All or almost has been said already about Goya. It is impossible to add something to what was said. These lines are not a comment from a specialist but from an artist who has had “encounters” over nearly forty years with Don Francisco de Goya, rather, with his work.
Beginning in the 1960s began editing in Argentina the collection “La Pinacoteca de los Genios” (‘The Art Gallery of the Genius’). My godfather Manuel, distributor of newspapers and magazines, gave me the first issues, among them the one devoted to Goya.
In the 1970s, the Latin American Publishing Center issued some magazines about graphic techniques. In 1973 I had not finished yet my degree at the Fine Arts faculty when one day I found several copies dedicated to engravings by Goya. I bought with a companion of studies four of them, two for each one. Those who I took home were referred to ‘The Disasters of War’. I knew the painting of Goya through books and “La Pinacoteca” (the Art Gallery), but not “discovered” yet the engravings, perhaps I had seen them but not understood. The impact of those images was emotionally intense. I had strange dreams from that vision, and same happened to my friend.
The social and political atmosphere we lived then in Argentina was violent and dangerous. “Tristes presentimientos de lo que ha de acontecer” (“Sad Presentiments of What is to Come”) was an announcement of what happened very shortly thereafter.
Goya is raw, realistic, not horrified, he sees, record, for him and for us. Terrible scenes beautifully engraved.
He and others were witnesses, then we also went and we continue to our shame.
I then looked with passion and admiration “Los Caprichos, Los Disparates” (‘The Caprices, The Nonsense’), and later, in Galleria degli Uffizzi, I was delighted with his painting, his wonderful flown brushstroke, subtle, rich, what fabrics! What jewels those small shoes…!
Later, already in Barcelona, I worked myself the engraving returned again and again to Don Francisco, and was a renewed vision. I did many sketches in tempera, black and white, lights and shadows, “studying” those amazing prints. I never used them for my work, but it developed in me the taste for the austerity of black and white to express what one considers essential.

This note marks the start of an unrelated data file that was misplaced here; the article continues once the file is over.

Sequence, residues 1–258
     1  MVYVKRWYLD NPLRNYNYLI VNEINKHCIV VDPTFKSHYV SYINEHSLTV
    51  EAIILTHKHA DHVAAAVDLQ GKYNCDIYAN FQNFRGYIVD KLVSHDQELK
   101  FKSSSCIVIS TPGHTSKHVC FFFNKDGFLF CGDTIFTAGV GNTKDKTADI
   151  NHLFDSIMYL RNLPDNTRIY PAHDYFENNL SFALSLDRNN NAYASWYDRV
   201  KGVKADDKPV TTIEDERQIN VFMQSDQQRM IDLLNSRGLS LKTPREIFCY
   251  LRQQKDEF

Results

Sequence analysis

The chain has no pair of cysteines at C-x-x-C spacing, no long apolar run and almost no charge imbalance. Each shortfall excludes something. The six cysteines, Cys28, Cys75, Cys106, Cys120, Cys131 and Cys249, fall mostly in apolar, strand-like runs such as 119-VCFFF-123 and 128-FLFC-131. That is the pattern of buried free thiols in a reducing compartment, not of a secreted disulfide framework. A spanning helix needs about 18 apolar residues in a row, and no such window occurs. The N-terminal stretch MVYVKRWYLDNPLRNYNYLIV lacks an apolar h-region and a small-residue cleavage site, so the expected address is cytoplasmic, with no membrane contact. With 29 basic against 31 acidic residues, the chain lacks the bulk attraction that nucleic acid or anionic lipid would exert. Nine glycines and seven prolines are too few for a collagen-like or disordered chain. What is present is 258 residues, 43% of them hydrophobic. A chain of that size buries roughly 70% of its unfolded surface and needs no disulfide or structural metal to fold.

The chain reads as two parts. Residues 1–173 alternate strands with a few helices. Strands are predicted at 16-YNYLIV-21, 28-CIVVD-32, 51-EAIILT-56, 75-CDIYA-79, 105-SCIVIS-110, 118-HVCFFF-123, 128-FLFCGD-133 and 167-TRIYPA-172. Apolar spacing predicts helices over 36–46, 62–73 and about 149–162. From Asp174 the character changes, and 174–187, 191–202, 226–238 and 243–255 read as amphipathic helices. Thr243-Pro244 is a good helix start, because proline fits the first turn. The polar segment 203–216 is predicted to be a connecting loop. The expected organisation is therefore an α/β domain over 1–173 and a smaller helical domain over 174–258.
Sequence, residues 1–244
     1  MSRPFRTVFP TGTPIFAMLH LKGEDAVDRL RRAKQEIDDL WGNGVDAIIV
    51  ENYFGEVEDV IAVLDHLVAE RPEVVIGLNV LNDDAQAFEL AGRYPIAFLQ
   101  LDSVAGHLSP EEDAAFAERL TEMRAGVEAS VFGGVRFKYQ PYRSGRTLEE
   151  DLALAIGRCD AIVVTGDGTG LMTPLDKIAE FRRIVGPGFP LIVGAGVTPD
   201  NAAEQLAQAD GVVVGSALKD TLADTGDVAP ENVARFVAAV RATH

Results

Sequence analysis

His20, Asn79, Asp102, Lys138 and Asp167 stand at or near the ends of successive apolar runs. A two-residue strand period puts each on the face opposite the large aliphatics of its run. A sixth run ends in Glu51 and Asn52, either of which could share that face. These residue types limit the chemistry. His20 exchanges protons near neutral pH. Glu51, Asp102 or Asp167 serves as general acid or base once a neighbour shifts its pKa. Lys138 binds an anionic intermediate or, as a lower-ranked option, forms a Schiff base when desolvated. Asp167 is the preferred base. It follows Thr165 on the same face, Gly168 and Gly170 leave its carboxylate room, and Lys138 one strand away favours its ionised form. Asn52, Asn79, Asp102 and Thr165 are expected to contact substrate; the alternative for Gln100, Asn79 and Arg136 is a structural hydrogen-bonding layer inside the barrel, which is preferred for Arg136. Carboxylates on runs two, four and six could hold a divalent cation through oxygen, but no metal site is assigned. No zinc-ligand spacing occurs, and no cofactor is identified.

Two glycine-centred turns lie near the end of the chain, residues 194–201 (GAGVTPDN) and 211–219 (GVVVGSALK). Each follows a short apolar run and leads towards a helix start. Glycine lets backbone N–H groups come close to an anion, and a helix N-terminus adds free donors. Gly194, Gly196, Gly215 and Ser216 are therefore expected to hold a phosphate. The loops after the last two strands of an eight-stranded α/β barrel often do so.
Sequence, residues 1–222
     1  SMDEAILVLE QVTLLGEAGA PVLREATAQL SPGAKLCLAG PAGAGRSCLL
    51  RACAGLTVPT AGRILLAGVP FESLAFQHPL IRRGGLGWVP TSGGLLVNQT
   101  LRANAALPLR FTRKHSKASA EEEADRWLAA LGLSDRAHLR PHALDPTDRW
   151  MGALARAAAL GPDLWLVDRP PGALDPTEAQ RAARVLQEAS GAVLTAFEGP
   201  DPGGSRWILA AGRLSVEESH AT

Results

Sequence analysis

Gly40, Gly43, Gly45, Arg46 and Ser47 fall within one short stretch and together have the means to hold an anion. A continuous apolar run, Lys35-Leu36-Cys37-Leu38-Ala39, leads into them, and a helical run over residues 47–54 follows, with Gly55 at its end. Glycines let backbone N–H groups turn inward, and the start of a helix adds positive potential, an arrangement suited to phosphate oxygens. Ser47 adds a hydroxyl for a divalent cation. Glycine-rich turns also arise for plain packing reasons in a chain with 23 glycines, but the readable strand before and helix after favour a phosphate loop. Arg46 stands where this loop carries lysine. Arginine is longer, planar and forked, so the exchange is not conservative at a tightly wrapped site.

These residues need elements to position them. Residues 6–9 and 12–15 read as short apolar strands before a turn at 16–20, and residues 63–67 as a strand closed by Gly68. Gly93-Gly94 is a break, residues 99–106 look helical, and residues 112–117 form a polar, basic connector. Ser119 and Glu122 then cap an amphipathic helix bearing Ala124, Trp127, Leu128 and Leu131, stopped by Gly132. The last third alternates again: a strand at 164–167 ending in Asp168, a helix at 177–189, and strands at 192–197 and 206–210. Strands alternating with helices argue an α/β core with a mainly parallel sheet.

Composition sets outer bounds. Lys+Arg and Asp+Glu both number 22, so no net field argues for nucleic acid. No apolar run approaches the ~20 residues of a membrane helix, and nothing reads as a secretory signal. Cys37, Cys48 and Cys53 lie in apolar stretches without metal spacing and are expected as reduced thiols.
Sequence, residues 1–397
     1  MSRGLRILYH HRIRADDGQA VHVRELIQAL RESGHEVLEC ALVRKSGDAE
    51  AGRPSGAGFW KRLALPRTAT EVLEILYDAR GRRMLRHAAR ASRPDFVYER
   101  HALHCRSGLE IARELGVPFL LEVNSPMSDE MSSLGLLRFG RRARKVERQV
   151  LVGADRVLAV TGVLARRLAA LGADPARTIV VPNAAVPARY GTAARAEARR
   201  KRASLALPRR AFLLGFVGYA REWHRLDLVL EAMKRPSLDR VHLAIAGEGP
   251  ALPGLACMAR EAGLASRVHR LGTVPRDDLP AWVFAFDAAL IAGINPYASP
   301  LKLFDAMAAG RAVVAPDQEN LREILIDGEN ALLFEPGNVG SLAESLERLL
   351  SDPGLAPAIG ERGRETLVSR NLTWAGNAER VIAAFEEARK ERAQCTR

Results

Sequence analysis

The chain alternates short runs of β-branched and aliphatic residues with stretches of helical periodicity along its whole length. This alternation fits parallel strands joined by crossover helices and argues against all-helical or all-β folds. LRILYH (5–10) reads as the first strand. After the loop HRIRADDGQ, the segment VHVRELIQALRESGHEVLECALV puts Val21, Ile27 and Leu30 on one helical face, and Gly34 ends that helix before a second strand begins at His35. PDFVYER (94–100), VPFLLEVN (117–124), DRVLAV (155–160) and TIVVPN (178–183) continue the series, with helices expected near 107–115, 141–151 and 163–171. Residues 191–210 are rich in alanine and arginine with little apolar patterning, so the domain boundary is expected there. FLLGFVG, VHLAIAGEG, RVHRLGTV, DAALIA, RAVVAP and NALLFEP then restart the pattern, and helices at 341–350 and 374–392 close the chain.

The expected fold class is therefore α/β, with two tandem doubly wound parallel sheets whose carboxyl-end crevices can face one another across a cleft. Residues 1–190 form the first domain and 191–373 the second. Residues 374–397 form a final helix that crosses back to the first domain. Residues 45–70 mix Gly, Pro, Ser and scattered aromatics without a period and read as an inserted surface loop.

In those years, a visit to the National Chalcography allowed me to meet the then newly opened “Temple” devoted to the plates of the master. Under a red-tinted light, I stared at these plates worked with an exquisite delicacy that surprised me because it left suspended the extreme violence of the printout on the paper. The plates are now treated steel, but we, the engravers, know that copper shines behind.
In my studio Ataúlfo 10, in Barcelona, I spent many years engraving and by chance I came a noon in June, sovereign sun, to Fuendetodos. That dry and severe landscape, flooded of light, impressed me. Energetic, powerful in its apparent poverty.
Then I taught several courses of etching techniques in the studio named now Antonio Saura, in tribute to that artist whom I have always admired as one of my masters whose devotion to Goya is known. His tribute to “Aún aprendo” (“Still learning”) has been a proof of this and also the countless mentions throughout his work.
Understanding an artist requires time and time changes our perception. Large amount of images I devoured in my youth, and often many come back and help me to better understand while they are interwoven with each other.
I have not returned to see the black paintings in the Prado Museum since in the late 1970s they changed their frames, which in my opinion was fatal. It also complained, long years ago, precisely by Antonio Saura.
There are works that when discovered produce great excitement and one don’t want to see them again, perhaps for fear of not being touched with the same intensity. Something like this happened to me with the black paintings. However, to the engravings I come back always, and also to the lithographs, because for more than twenty years that I am each day with stones, teaching and doing. It’s a pity that Goya was already an old man when he met lithographic art, but his way of working was already renewal since the beginning.
A few years ago I had the fortune to see, during its restoration, the dome Regina Martirum in El Pilar, Zaragoza. There’s a surprising Goya by its historical proximity, i.e. by its modernity. All the great masters have jumped the borders of their era at some point, becoming for us, “modern”, a term this led and brought that added nothing to the understanding of his work if not previously understood what it means to be modern. The broad brushstroke, oblivious to all the unnecessary, the self-assurance, spontaneity and richness of color, the “brushstrokes”, that others also used, but in him is a gesture of anticipatory breach. And even that it was an order!
And today I have come back to look at gouache ink drawings, magnificent by its liveliness, its throb and his grace, and these qualities, that freshness of ink that appears even damp, remind me much to Hokusai, where drawing throbs in the gait of passers-by, in the fireworks on those nights of full moon, and how those peasants steep in the rain… It never rains in Japan as it does in Hokusai or Kurosawa.
There is nothing in Goya that get us closer to nature. Of course, I am sensitive to the landscape, so I liked that Gonzalo de Diego reflection about the landscape background of so many horrific scenes, that called rightly, no landscapes, which are just backdrops or sceneries, an almost theatrical background without too much presence. Goya is interested in the human being, not nature. And there are those portraits, the characters crossed by his gaze up to leave only the main, essential trait, and as an example, the portrait of José Pío de Molina painted in 1828, one of his last paintings at the age of 82, with eyes already worn, and so wise.